Department for Work and Pensions
|Printable version||E-mail this to a friend|
Miners' knee victims to get government help
Thousands of miners suffering from Osteoarthritis of the knee, commonly known as 'Miners' Knee' will be able to claim help from the Government, it was announced today.
Secretary of State for Work and Pensions, James Purnell confirmed that osteoarthritis of the knee would be added to the list of 'prescribed diseases' meaning that sufferers would now be able to apply for State compensation through the Industrial Injuries Disablement Benefit.
James Purnell, Secretary of State for Work and Pensions said:
"It is right that this help should be available to coal miners who are suffering from this painful condition following years of hard work. This disease has made life very difficult for a large number of retired miners and forced others to end their working life earlier than planned, so I am pleased that we are now in a position that we will be able to offer them valuable financial assistance."
Kitty Ussher, DWP Parliamentary Under Secretary is on a visit to the National Coal Mining Museum in Wakefield today to make the announcement. She said:
"I'm very pleased that this help is now available to those miners who, through no fault of their own are afflicted with this condition. We estimate that thousands of former miners will now be able to benefit from this aid."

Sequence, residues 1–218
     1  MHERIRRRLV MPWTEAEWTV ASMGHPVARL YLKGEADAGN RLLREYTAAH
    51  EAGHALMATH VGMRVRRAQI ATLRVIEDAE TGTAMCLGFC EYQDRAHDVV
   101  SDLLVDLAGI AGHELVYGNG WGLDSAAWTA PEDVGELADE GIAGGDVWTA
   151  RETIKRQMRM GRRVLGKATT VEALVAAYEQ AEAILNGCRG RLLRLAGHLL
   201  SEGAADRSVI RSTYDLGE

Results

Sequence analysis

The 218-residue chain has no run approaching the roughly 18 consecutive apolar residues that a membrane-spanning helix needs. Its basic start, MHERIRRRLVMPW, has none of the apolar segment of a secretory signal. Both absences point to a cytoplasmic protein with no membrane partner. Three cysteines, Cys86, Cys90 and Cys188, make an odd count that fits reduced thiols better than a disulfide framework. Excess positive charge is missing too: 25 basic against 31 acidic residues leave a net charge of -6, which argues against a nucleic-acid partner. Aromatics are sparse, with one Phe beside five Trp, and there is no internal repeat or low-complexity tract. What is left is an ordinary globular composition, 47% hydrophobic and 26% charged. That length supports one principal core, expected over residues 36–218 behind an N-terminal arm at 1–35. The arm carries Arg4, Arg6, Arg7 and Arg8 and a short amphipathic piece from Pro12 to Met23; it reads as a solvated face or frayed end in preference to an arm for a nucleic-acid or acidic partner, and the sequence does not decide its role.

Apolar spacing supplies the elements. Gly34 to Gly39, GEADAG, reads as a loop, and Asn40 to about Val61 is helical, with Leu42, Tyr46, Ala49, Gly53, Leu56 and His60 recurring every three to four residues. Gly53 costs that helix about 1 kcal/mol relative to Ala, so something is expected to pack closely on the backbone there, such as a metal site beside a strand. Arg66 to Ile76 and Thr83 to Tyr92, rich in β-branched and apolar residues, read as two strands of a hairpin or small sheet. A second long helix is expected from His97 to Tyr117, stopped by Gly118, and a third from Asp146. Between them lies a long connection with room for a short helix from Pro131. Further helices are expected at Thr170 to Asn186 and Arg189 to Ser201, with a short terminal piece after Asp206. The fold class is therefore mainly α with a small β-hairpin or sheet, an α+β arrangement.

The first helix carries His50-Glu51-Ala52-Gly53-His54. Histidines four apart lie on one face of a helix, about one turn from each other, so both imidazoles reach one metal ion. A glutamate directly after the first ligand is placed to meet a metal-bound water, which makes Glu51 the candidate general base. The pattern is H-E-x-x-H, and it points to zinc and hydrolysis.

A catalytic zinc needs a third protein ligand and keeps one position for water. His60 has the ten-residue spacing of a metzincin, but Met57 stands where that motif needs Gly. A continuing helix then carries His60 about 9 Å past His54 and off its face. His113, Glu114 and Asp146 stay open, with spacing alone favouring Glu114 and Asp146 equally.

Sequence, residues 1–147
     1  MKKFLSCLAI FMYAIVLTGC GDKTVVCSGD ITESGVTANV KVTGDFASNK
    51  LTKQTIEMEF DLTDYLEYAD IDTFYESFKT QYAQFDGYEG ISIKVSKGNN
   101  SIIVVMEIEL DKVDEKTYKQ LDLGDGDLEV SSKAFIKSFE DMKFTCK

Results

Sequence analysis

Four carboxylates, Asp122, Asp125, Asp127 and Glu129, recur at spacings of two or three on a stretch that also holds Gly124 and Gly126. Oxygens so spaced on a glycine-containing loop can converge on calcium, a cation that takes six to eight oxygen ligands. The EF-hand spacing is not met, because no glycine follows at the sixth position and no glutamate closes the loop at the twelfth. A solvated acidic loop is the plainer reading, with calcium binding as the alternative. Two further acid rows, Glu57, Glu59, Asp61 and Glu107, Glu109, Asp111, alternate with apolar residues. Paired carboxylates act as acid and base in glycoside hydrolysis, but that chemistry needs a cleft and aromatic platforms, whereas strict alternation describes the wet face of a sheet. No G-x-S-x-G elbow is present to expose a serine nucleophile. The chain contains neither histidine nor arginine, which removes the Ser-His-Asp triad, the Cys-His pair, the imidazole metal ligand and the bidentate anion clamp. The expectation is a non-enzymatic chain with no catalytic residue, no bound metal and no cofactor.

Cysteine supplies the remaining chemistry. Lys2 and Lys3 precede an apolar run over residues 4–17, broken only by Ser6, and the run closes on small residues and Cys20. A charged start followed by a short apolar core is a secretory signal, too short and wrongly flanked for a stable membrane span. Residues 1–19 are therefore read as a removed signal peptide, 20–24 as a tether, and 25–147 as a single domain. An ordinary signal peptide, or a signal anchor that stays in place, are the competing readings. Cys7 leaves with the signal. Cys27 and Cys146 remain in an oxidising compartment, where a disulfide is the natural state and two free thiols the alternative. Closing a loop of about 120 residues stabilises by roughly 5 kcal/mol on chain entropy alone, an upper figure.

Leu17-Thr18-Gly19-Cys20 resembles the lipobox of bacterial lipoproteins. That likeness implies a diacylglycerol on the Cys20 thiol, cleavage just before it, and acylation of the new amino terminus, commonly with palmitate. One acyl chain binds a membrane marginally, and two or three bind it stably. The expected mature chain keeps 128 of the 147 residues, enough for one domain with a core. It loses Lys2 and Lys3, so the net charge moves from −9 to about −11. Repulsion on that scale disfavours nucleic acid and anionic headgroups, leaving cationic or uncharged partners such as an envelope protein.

Ministers have decided to act on the recommendation from the Industrial Injuries Advisory Council, that coal miners with the disease who have worked underground for ten years or more should be able to claim Industrial Injuries Disablement Benefit.
Symptoms of the disease include pain, swelling, stiffness and reduced mobility. The change is expected to come into force in the summer.
Note to editors
1. "Osteoarthritis of the knee in coal miners" (Cm. 7440 is available from the Stationery Office. Price £5.15, ISBN 978-0-10-174402-7, or from IIAC's website http://www.iiac.org.uk/new/.asp.
2. The Industrial Injuries Advisory council is an independent statutory body set up in 1946 to advise the Secretary of State for Social Security on matters relating to the industrial injuries scheme. This includes making recommendations to Ministers whether a disease should be added to the list of diseases for which industrial injuries disablement benefit can be paid ('prescribed diseases'). The Council consists of a Chairman and about 15 members, including representatives from employers and from employees.
3. Prescription of a disease means that is covered by the industrial injuries benefit scheme and that an employed earner who has contracted the disease through certain jobs work may be able to get Industrial Injuries Disablement Benefit.
Latest News from
Department for Work and Pensions
Record drop in unemployment and more people in private sector jobs17/09/2014 13:15:00
The number of people claiming Jobseeker's Allowance is now below 1 million and unemployment has seen the largest annual fall in 25 years.
50,000 children set to benefit in child maintenance shake-up11/09/2014 15:10:00
Single and separated parents who have previously received no maintenance from their former partner could start receiving payments.
Victory for consumers as pension saving limits to be scrapped08/09/2014 15:05:00
Restrictions limiting the amount that millions of British workers can save towards their pensions are now set to be scrapped.